That there is grumbling within the party should perhaps come as no surprise. Xi’s anti-corruption campaign was at least partly designed to undercut ­local-level cadres who have gorged for years on the fruits of graft and to appeal directly to the Chinese people.

But that the elite are prepared to risk their careers — and perhaps even their freedom — by speaking out suggests more than the usual griping.

The party had long prided itself on its ability to conduct internal debate and rule by consensus. These outbursts suggest serious concerns that the system is broken under the personalized, centralized rule of Xi.

There are also substantive concerns about the direction in which China is headed.

The letter purportedly signed by loyal party members appeared on several websites simultaneously just before the annual meeting of China’s parliament, the National People’s Congress, in Beijing, and took aim at many of Xi’s perceived failings.

His assertive foreign policy, it argued, had antagonized China’s Asian neighbors and allowed the United States to win influence, while alienating the people of Hong Kong and Taiwan. His mismanagement of the economy led to last year’s stock market crash, caused mass layoffs at state-owned firms and brought the national economy “to the verge of collapse,” it said. His anti-corruption campaign has left officials too scared to work and was motivated by a power struggle, it argued.

About 20 people are reported to have been detained for questioning in relation to the letter. According to the BBC, they include staff members from the website on which it was posted and employees of a related technology company. Two Chinese dissidents based in New York and Germany say they have had several close relatives taken away.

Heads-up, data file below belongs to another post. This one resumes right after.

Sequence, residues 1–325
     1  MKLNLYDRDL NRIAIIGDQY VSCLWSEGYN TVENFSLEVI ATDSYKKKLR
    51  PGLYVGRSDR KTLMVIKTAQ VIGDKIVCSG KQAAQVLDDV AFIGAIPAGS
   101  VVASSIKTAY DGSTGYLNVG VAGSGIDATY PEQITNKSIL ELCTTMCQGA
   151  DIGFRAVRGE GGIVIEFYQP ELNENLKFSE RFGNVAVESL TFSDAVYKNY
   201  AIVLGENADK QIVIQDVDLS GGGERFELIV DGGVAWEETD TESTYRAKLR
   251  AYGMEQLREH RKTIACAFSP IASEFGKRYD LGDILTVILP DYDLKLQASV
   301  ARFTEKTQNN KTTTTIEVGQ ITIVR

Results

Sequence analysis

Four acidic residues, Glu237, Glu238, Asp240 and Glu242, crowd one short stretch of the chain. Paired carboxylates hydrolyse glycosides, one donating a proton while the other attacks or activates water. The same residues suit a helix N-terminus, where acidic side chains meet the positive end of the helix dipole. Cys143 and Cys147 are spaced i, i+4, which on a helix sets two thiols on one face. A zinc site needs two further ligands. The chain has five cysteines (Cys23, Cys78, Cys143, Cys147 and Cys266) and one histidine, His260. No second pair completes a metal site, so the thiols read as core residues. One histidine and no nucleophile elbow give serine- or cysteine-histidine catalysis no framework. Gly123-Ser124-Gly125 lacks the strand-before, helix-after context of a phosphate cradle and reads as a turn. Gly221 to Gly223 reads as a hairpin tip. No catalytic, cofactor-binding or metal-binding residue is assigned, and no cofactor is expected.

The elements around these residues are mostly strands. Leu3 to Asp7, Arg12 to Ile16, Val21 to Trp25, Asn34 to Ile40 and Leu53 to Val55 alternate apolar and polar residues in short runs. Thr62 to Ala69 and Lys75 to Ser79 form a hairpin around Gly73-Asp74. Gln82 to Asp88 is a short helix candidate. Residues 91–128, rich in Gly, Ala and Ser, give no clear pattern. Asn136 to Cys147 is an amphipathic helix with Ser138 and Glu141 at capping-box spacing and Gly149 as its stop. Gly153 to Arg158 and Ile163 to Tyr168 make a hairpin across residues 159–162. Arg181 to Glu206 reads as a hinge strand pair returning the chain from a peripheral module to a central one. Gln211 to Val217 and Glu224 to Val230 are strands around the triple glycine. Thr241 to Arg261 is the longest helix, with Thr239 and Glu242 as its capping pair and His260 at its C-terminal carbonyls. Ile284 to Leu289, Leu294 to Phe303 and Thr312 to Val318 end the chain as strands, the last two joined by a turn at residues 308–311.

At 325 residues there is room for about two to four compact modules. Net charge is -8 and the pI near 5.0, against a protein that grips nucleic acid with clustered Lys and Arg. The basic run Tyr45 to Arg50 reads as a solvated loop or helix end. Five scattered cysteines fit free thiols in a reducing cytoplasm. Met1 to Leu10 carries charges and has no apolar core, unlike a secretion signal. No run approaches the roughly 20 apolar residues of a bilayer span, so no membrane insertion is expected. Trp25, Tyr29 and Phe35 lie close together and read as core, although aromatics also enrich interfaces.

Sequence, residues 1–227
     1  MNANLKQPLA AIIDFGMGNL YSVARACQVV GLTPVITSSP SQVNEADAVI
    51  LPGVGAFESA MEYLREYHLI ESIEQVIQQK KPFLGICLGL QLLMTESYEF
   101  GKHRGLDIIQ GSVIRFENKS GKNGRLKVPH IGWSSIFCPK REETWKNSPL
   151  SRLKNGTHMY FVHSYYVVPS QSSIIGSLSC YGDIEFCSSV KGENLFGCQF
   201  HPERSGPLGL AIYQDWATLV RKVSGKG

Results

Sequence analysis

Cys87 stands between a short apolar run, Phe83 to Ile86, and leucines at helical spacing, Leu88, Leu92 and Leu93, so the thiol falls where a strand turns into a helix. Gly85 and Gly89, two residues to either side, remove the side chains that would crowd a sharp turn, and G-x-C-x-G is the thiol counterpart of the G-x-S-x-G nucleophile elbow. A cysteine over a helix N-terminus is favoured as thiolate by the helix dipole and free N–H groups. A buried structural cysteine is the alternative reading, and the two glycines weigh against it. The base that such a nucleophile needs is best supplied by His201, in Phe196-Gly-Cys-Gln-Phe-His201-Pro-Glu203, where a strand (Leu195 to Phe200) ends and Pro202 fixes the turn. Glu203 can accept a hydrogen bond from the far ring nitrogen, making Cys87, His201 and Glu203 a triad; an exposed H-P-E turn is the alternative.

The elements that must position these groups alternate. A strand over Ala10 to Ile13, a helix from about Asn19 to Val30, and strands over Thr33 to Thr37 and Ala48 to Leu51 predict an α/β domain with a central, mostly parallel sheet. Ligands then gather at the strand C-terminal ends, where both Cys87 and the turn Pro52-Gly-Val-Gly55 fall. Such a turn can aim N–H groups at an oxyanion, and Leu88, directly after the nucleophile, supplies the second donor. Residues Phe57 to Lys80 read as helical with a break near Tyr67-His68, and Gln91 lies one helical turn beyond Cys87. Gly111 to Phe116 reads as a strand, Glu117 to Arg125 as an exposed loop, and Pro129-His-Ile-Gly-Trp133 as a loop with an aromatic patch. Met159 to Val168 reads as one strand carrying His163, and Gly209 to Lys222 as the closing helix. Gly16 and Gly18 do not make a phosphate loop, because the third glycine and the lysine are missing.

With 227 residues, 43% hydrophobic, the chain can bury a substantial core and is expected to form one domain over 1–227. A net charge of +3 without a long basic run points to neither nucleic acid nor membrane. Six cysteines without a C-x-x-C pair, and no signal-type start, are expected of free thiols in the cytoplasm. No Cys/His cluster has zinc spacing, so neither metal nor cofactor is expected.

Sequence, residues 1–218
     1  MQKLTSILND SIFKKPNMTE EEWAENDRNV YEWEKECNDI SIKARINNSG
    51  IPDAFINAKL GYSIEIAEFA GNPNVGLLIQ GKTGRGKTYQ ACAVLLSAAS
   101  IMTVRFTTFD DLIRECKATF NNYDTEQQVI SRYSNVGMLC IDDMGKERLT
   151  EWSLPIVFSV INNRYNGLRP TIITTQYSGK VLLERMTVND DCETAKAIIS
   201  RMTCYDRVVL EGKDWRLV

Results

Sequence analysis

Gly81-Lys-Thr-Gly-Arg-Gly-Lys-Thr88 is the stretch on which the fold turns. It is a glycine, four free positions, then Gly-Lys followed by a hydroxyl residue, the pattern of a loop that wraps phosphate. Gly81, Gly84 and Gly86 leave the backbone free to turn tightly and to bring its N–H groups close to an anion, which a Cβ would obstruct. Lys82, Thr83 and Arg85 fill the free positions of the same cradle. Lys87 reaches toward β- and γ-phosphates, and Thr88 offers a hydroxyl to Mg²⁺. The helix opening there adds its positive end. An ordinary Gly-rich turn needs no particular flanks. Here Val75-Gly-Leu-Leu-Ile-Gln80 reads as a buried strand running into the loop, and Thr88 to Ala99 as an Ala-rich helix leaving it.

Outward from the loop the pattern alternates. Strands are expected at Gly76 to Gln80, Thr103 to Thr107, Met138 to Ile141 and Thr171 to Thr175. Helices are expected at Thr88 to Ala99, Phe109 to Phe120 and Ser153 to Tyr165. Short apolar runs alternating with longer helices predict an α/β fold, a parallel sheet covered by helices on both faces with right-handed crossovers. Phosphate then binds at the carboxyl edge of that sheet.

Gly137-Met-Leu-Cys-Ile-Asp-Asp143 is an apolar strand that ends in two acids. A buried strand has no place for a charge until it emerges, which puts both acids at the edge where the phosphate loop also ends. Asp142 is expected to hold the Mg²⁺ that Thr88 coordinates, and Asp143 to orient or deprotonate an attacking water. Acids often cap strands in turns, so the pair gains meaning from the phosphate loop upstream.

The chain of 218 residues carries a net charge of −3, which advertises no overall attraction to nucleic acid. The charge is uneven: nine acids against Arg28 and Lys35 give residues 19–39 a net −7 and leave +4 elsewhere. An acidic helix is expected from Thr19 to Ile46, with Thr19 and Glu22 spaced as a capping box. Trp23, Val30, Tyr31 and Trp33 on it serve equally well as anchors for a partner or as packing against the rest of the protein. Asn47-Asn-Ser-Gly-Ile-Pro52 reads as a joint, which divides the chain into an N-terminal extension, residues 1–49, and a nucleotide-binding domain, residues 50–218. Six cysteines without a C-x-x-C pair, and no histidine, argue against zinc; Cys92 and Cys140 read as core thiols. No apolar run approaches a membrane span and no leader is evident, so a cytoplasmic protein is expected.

The question is what all this grumbling portends. Xi appears to have consolidated power significantly and elevated his own supporters during the past three years, and the chances of his not being returned for a second five-year term in 2017 remain extremely slim. But the composition of the Politburo’s Standing Committee after 2017 will be closely examined to see how much power rival factions have retained.

Rumors of coup plots occasionally circulate in Beijing, but experts say the most obvious internal challenge to Xi’s power appeared to have been crushed when former security chief Zhou Yongkang and Chongqing party boss Bo Xilai were jailed for corruption in 2015 and 2013, respectively.

Although independent polling is impossible in China, every indication suggests Xi remains popular with the Chinese people. The party wanted a strong leader in 2013 to confront the nation’s mounting problems, and even if Xi has taken things too far, there is no hint yet of any change in course.

In an essay on the ChinaFile website, Columbia University professor Andrew Nathan argued that there is a Chinese tradition of “loyal remonstrance” from within the leader’s camp: The fact that some of the criticism appeared on the CCDI website suggests Xi’s most fervent supporters are among those most worried about the path he has taken.

“I do not, however, expect Xi to back down,” Nathan concluded. “More often than not in Chinese history the remonstrator lost his head. When his warnings came true, so did the leader who ignored them.”

Read more:

Is China heading in the wrong direction? For once, the West calls Beijing out.

How China’s premier survived a two-hour news conference without answering a single hard question

Pursuing critics, China reaches across borders. And nobody is stopping it.

Today's coverage from Post correspondents around the world